Picture this: the chilly wind blows gusts, you button your coat tighter and snuggle further into your scarf. You lift a hot dumpling to your mouth, the steam misting your vision and you nip at the corner. Soup spills out from the dumpling flooding your waiting mouth with warming soup that thaws every part of your body. Suddenly all thoughts of being cold disappear.
The xiao long bao or soup dumpling is Shanghai's most famous dumpling creation. Originally created in Nan Jiang, at "Nan Jiang Steamed Dumplings" it's a simple but so satisfying mixture of pork mince, chicken stock and a thin skin. When heated the soup becomes liquid. These addictive little bundles are sold at plenty of street stalls as snacks.
We're exploring some of Shanghai's culinary treasures with Kyle Long from Untour Shanghai. We had been warned in no uncertain terms that we need to arrive hungry. "Our aim is to leave you full" Kyle says. Three years ago, he and a friend Monica started taking customers on food tours. They offer a range of daily culinary tours and private tours, all based around local food in Shanghai.
The tour starts at the Xiangyang park where we watch morning tai chi sessions taking place. Kyle explains the origins of Shanghai's former French concession area and how the opium wars between the Chinese and the British made Shanghai what it is today.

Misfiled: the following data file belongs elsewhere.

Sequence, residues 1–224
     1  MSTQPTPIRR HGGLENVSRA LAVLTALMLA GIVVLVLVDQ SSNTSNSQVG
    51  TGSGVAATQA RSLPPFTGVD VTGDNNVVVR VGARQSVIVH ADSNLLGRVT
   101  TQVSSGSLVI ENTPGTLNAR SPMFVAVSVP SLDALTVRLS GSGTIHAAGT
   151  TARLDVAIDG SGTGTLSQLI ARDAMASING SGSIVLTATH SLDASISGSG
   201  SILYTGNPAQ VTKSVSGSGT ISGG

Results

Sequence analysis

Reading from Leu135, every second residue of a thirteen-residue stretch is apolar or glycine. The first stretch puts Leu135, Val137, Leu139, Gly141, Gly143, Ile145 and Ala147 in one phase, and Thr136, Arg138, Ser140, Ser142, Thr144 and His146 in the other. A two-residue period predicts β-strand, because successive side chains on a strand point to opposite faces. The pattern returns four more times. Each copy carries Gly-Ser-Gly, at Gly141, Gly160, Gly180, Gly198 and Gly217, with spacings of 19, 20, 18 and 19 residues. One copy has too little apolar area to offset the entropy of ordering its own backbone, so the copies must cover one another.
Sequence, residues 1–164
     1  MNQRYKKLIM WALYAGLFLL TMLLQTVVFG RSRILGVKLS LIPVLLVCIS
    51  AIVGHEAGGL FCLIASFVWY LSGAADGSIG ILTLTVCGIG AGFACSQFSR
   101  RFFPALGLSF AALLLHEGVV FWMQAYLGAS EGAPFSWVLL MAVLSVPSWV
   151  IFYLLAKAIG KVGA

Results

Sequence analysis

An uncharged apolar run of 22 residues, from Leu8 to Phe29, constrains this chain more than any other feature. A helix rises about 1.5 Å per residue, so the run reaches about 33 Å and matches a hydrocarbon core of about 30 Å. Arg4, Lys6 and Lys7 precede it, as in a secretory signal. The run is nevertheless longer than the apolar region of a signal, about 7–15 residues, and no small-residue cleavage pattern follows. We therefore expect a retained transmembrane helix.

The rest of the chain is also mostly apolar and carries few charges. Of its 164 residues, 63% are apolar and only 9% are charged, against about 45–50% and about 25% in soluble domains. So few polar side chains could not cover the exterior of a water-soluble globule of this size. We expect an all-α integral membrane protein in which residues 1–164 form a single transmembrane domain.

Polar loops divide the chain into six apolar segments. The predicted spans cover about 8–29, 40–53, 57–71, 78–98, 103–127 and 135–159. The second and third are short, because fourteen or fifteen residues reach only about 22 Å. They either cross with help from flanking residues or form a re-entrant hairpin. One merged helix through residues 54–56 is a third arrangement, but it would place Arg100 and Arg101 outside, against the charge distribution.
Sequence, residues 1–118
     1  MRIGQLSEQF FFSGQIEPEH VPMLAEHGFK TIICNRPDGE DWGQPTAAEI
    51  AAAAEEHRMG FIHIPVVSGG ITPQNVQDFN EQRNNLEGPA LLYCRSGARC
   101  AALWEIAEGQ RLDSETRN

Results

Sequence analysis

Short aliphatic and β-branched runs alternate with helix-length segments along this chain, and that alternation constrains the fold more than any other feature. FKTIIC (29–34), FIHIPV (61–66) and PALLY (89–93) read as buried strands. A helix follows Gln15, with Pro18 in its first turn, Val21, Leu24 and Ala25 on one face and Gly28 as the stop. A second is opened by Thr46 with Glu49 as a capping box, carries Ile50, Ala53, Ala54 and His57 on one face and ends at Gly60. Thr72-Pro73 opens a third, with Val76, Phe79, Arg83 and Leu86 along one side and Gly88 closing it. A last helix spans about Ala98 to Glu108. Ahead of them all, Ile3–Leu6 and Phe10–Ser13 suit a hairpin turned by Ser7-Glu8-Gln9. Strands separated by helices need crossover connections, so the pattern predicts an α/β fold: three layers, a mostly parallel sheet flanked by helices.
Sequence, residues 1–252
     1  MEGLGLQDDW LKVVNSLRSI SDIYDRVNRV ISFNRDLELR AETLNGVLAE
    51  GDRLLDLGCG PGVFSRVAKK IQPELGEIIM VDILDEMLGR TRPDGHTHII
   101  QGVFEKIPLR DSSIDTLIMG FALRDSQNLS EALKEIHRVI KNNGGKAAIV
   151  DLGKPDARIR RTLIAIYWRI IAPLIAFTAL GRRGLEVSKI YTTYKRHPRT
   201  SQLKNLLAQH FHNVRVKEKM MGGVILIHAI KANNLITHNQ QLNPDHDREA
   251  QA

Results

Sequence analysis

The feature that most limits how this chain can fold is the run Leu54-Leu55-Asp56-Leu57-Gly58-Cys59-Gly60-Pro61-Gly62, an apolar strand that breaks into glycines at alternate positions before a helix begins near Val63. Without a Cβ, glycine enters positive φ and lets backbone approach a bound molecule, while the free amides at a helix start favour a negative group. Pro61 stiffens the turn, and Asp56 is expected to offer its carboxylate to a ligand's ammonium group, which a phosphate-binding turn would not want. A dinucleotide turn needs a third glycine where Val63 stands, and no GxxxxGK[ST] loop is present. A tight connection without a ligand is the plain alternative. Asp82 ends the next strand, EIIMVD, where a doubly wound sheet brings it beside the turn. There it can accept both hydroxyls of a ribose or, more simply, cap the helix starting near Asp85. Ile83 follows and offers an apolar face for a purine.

The younger generation learns tai chi
The private tours are flexible and if people want to try something this isn't a problem or if they want to stop they can adapt tours to suit their needs. While walking through the park, I stopped at a stall to buy these for my god daughter Evie and her sister Audrey.
Kyle speaks fluent Chinese and knows the Xiangyang Lu area well so when sometime vegetarian Laura proclaims that she is hungry and wants a bao, we stop to buy two, a black sesame bao and a red bean bao.
They're soft, hot and delicious but filling, the sweet black sesame oozing out after each bite. The red bean filling is a little more solid and spreadable, it too is very sweet inside.
Our next stop is the stall next to the bao one. There is a wok of oil and some rectangular cakes draining above. A round of puffy deep fried bread is lifted onto the counter but our stop is for the Danbing a fluffy dough and egg based pancake brushed with a spicy, savoury soy bean paste sauce. This is cut into quarters and placed in a plastic bag.
Alas the next place that usually sells shengjianbao or the puffy risen soup dumplings with the pan fried bottoms is out of supply at the moment and we order some guotie which are potsticker dumplings fried in large batches in a giant round pan. We take all of these to a table nearby and unwrap our goodies.
Kyle describes the deep fried rice cake as a Chinese version of a hash brown. Crispy crunchy on the outside, they are made out of rice instead of potato and have a mild taste. I take a quarter of the danbing and enjoy the spicy, strong sauce and the soft fluffy dough consistency. The guotie are best eaten after dipping in vinegar- we have to be careful of the soup that spills out of the pork mince filled dumpling but nobody's complaining about soup spills in this chilly almost winter weather.